Q&A with Connor McCracken of Project Pilgrim

We first met Connor 2 years ago while attending the Jack Summit in Toronto. We caught up with him recently to chat about his newest endeavour, Project Pilgrim.

WYL: Tell us a bit about yourself

C: My name is Connor McCracken and I’m 20 years old. I grew up in Vancouver, BC but am currently at school studying chemistry and physics at the University of Alberta in Edmonton, AB.


WYL: What's your connection to mental illness?

C: Growing up I had a sister with an eating disorder as well as a host of other issues. Personally, I have experienced social anxiety and depression over the last few years which actually forced me to withdraw from school in November of 2014.


WYL: How did you overcome some of the struggles you've faced?

C: I was lucky. Because of having exposure to the mental health system growing up with my sister, I was able to recognize when things weren’t going well for me and when I needed help. I also, thankfully, knew how to navigate the system because I have a parent who works in the mental health system at a hospital in Vancouver.


When my anxiety first started acting up I tried to get help at my school but actually was turned away. I decided it was best to withdraw from school and focus on myself and so I headed home to get the help I needed. I entered into Cognitive Behavioural Therapy almost immediately and it’s really worked wonders for me. Nowadays I am doing much better and would definitely recommend therapy to anyone who was considering it. I would not be who I am today with out, it was exactly what I needed.


WYL: Tell us about your new project?

C: My new project, Project Pilgrim is a way I can give back and try to reduce the stigma around mental health. My idea is that if I talk to many people about mental health and get their insights, thoughts, opinions, and experiences on the subject, more people will understand how mental health exists on a spectrum. So far, I have taken 120 portraits of my friends and received their insights on mental health. I will be posting these photos with their responses daily for the next few months. Then, in May I will be heading to Europe to hike the famous 1000km Camino de Santiago Pilgrimage route to do the same. I will take photos of the people I meet and gather their opinions and thoughts concerning mental health. The reason I chose to do the Camino is because the people who walk this route are walking 20 to 40km a day alone. In this time, they become very self reflective and I believe if I tap into this introspecting I’ll get some really interesting responses. The end result will be a printed book including a selection of the photos I take and the responses. I am pre-selling the book through a Kickstarter here.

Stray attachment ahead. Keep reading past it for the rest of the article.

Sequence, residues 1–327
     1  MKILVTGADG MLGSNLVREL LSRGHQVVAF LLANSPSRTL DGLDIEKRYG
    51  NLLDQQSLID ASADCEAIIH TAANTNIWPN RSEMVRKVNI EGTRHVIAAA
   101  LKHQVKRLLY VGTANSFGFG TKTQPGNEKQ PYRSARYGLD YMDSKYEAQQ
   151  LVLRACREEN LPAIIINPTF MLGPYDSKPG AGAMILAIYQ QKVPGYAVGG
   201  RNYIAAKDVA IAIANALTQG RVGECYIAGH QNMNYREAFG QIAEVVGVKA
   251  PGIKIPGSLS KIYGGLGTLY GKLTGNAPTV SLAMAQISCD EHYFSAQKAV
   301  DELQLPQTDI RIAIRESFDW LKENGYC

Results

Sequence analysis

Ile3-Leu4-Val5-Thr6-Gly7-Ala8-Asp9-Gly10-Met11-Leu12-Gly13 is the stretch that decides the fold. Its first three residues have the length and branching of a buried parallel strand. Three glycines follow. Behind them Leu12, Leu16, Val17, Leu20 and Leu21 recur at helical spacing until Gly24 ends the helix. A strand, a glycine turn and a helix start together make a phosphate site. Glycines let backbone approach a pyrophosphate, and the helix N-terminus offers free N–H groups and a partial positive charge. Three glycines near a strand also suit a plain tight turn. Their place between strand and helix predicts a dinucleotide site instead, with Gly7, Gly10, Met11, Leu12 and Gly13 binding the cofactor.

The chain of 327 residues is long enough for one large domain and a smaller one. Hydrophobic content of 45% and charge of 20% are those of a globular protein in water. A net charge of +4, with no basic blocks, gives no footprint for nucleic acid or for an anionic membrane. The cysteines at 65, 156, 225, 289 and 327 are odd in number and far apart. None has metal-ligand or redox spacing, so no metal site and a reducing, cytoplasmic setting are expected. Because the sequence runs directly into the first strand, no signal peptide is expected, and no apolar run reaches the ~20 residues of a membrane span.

WYL: What inspired you to start Project Pilgrim?

C: I’ve always had a passion for portrait photography. I love how photos of someone’s face and body language can so clearly convey their emotion with no explanation needed. My idea for Project Pilgrim stemmed from trying to combine three of my passions together: photography, mental health, and the outdoors. Taking someone’s photo and talking to them about mental health while hiking 1000km sounds like the best kind of adventure for me. I’ve obviously been inspired by similiar initiatives like Humans of New York and The UnmaskED Project, but I think my project has a really unique angle to it. I actually cycled the Camino as part of a larger family vacation back in 2013 and I know from experience some of the incredible stories you hear from people you meet along the way.


WYL: What do you hope readers/followers will get out of the visual documentation of your journey?

C: My hope is that by collecting many people’s opinions and sharing them with you, we will all come to a better understanding of what mental health is and how to overcome issues we may face. 

A picture is worth a thousand words, but a picture with an emotional connection to it is worth many times more. My goal is that by taking people’s photos and asking them about mental health, I can start a conversation that can work towards breaking down the stigma around mental health. Talking about mental health normalizes mental health and my hope is that Project Pilgrim can be one of the many stepping stones needed in order to make mental health an everyday conversation.


Check out Project Pilgrim at the links below:






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